Letters to Editor of Irish Times 12 April 2016
On the contrary, I would suggest he has opened the door of the Catholic Church for Catholics in second relationships, whether civilly recognised or not, to receive Holy Communion .
In section 301, he states: “Hence it can no longer simply be said that all those in any ‘irregular’ situation are living in a state of mortal sin and are deprived of sanctifying grace”.
Traditional Catholic teaching decreed that a Catholic married in the Catholic Church and who entered into another relationship without receiving a canonical nullity decree was living in mortal sin and consequently was banned from receiving Holy Communion.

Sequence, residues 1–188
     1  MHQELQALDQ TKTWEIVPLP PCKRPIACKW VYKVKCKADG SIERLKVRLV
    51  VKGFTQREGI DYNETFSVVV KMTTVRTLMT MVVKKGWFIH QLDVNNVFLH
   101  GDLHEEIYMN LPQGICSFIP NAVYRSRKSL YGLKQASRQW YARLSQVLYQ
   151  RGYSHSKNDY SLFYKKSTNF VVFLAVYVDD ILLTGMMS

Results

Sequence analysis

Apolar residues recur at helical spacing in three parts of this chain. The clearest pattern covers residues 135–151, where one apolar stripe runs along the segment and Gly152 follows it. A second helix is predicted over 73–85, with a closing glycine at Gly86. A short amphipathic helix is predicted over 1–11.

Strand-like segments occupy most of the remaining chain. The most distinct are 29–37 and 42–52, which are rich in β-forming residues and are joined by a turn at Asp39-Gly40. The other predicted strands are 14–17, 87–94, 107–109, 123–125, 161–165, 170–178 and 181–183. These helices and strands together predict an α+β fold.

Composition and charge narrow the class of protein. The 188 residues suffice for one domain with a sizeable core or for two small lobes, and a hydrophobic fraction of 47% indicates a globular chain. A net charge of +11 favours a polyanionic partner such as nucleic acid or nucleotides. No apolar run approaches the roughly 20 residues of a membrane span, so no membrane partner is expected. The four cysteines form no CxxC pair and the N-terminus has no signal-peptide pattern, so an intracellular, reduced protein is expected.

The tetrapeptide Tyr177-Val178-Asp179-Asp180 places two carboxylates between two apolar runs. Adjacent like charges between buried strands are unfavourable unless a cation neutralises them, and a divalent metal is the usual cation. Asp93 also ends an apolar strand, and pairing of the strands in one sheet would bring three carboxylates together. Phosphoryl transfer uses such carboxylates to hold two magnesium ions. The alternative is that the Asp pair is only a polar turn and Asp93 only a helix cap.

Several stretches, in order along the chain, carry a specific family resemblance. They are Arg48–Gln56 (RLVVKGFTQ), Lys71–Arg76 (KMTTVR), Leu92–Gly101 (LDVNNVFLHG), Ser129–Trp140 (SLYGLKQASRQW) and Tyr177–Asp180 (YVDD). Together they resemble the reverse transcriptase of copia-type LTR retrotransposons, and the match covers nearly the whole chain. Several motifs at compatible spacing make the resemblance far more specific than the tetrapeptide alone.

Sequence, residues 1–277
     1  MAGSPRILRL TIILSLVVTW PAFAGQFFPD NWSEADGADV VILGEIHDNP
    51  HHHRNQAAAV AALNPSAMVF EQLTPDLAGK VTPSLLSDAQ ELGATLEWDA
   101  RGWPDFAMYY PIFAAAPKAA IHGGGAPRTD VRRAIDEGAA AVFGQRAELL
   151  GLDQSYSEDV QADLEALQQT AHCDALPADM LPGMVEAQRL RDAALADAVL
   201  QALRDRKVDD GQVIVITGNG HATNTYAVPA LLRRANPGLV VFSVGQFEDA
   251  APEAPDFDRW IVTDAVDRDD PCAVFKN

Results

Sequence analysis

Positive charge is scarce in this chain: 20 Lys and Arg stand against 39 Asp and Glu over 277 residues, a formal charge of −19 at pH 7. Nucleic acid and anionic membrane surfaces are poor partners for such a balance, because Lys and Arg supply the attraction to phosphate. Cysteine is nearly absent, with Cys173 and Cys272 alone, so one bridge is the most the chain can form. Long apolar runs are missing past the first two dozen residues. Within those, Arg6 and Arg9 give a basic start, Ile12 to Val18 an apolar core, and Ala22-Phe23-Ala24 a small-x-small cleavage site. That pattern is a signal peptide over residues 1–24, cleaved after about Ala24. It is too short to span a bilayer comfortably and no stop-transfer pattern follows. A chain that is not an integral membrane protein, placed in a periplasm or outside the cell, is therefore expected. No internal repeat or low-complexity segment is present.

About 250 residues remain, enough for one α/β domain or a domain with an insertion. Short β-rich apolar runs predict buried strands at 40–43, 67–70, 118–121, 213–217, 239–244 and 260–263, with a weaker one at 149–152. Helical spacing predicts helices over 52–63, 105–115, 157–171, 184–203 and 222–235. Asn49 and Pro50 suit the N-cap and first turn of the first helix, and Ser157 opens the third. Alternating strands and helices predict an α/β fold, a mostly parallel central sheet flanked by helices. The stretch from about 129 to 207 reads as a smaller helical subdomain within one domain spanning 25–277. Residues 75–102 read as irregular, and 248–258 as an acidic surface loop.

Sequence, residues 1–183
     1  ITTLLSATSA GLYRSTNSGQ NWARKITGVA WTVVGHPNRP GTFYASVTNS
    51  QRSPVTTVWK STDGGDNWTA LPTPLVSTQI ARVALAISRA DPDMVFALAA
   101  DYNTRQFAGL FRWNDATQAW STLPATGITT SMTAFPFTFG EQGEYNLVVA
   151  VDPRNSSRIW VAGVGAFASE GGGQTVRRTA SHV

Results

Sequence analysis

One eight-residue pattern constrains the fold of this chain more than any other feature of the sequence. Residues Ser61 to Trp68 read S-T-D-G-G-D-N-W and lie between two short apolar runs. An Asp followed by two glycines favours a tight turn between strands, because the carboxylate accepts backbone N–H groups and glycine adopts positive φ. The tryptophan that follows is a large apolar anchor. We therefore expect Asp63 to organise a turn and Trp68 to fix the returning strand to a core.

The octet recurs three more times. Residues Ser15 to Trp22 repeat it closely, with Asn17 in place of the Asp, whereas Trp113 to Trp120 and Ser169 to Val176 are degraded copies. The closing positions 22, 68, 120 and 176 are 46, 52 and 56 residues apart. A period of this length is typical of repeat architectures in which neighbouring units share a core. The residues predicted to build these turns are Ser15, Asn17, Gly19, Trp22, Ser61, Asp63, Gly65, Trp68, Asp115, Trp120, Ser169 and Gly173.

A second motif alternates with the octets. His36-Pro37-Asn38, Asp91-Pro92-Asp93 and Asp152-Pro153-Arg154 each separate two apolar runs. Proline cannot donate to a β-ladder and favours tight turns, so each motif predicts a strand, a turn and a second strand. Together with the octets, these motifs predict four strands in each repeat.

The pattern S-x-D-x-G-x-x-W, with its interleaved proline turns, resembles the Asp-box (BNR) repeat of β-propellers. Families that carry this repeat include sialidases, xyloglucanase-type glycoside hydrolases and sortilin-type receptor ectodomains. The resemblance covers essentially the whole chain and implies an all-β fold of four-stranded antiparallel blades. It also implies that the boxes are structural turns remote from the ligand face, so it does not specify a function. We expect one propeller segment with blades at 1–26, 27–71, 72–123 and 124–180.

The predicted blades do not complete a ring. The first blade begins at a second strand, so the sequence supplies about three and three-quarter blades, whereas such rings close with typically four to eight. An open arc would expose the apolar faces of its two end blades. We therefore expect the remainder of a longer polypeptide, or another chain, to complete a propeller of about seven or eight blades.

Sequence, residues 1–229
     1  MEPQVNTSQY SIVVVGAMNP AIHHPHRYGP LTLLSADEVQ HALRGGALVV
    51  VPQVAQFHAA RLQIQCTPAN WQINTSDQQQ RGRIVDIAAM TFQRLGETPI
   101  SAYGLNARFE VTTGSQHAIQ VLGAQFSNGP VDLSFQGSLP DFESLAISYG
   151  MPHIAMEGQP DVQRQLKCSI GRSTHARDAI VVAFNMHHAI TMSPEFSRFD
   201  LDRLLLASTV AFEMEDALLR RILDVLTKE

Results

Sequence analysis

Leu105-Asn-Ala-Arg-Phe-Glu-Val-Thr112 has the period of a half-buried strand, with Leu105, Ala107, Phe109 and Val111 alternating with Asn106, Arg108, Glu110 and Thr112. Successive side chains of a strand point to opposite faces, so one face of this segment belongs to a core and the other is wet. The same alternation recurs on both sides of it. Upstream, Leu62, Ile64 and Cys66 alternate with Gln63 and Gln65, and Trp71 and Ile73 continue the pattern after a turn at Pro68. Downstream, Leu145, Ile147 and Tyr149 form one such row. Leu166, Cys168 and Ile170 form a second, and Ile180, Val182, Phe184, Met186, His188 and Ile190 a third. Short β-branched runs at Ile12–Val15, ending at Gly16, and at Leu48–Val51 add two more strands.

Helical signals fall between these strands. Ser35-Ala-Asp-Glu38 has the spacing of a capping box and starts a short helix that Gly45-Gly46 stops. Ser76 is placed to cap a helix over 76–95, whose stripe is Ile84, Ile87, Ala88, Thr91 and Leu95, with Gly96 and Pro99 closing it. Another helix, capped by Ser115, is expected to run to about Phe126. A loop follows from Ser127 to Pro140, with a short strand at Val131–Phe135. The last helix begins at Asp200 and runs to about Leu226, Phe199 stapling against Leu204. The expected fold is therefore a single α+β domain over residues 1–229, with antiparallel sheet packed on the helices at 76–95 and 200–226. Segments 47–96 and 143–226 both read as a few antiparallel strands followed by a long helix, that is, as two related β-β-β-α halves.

The clear implication of what Pope Francis has now written in his exhortation is that he has changed Catholic teaching on the situation of Catholics who are in any “irregular” situation. They are no longer living in mortal sin and thus are free as any other Catholic to receive Holy Communion.
Pope Francis, in his recent statement on the family, said, “The equal dignity of men and women makes us rejoice to see old forms of discrimination disappear”.
Perhaps Pope Francis should look at his own organisation and recognise that, by refusing to allow women be full members of the hierarchy, the old forms of discrimination have not yet disappeared.